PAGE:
Burke's information was followed by a three-day struggle in which officials in the office of the deputy attorney general, the criminal division and the ATF came up with what turned out to be an inaccurate response to Grassley's assertions.

The process became so intensive that Breuer aide Jason Weinstein emailed his boss, "The Magna Carta was easier to get done than this was." A copy of the latest draft was attached to the emails.

Initial drafts of the letter reflected the hard tone of Burke's unequivocal assertions that the allegations Grassley was hearing from ATF agents were wrong. Later drafts were more measured, prompting Burke to complain in one email: "Every version gets weaker. We will be apologizing" to Grassley "by tomorrow afternoon." Regarding the allegation that ATF sanctioned the sale of assault weapons to a straw purchaser, the Justice Department denial was scaled back slightly from "categorically false" to "false." ''Why poke the tiger," Lisa Monaco, the top aide to the deputy attorney general, explained in an email to Ron Weich, the assistant attorney general for legislative affairs whose signature was on the letter.

In another email, Burke wrote, "By the way, what is so offensive about this whole project" of response "is that Grassley's staff, acting as willing stooges for the Gun Lobby, have attempted to distract from the incredible success in dismantling" Southwest Border "gun trafficking operations" and "not uttering one word of rightful praise and thanks to ATF — but, instead, lobbing this reckless despicable accusation that ATF is complicit in the murder of a fellow federal law enforcement officer."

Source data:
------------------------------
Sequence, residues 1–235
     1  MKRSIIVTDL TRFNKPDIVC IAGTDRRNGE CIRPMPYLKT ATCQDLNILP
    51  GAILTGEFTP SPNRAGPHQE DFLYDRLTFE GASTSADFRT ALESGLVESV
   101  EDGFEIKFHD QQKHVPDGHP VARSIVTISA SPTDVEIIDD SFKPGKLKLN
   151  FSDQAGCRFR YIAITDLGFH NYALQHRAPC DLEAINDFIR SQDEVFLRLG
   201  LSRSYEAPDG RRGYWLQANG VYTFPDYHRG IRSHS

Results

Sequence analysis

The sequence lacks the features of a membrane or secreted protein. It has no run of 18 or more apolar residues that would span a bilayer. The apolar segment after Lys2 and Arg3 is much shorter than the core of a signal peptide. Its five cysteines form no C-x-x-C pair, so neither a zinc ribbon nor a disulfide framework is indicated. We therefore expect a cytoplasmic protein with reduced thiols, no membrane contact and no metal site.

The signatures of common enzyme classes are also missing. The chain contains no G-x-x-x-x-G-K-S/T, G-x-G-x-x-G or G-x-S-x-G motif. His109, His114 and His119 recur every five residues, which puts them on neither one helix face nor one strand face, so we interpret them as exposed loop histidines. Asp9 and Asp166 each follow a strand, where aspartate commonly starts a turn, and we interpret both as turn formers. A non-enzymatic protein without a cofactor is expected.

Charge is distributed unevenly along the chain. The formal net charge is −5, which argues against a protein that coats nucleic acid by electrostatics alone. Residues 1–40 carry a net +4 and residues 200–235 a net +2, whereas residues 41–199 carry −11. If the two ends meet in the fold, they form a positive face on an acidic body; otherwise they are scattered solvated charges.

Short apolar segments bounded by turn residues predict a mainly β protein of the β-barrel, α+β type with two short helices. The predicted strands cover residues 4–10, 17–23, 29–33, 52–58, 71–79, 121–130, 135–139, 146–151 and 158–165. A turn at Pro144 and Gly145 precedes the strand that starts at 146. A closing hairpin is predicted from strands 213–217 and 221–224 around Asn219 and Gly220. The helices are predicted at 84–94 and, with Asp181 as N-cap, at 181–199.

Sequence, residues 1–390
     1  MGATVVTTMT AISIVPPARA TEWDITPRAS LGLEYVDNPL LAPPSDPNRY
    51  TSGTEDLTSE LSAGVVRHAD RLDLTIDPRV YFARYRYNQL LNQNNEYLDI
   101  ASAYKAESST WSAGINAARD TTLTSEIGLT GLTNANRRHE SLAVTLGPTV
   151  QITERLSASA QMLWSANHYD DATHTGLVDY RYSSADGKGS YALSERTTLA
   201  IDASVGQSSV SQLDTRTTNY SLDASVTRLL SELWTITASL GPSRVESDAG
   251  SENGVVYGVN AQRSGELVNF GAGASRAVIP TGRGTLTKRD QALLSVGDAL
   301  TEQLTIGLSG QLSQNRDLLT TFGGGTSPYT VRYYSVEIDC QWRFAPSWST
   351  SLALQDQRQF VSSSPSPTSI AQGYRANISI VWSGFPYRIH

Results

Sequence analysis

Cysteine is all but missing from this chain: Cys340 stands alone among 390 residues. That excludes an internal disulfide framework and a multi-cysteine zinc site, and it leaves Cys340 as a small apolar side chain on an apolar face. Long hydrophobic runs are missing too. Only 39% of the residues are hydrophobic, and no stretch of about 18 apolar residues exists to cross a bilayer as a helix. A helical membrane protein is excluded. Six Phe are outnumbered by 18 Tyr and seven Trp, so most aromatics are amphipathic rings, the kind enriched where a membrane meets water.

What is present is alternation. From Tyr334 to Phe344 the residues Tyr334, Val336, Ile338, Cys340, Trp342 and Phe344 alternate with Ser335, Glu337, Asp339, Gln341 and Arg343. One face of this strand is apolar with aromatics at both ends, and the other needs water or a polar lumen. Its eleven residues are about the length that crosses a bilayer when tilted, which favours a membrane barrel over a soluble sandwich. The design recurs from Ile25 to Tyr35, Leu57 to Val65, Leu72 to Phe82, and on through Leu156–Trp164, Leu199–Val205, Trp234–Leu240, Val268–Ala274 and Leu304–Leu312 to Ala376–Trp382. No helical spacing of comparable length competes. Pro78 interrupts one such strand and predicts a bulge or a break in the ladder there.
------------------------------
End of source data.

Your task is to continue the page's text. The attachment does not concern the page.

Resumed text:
On Friday night, Grassley spokeswoman Beth Levine said that "Burke personally apologized to Sen. Grassley's staff for the tone and the content of the emails" after learning from the Justice Department that the emails would be released.

It is unusual for the Justice Department to provide such detail of its internal deliberations as it did on Friday with Congress.

The department turned over 1,364 pages of material after concluding "that we will make a rare exception to the department's recognized protocols and provide you with information related to how the inaccurate information came to be included in the letter," Deputy Attorney General James Cole wrote Grassley and Rep. Darrell Issa, R-Calif., chairman of the House Oversight and Government Reform Committee, which is looking into the Obama administration's handling of Operation Fast and Furious.

Operation Fast and Furious involved more than 2,000 weapons that were purchased by straw buyers at Phoenix-area gun stores. Nearly 700 of the Fast and Furious guns have been recovered — 276 in Mexico and 389 in the United States, according to ATF data as of Oct. 20.

Amid probes by Republicans in Congress and the IG, the Justice Department in August replaced Burke, acting ATF Director Kenneth Melson and the lead prosecutor in Operation Fast and Furious.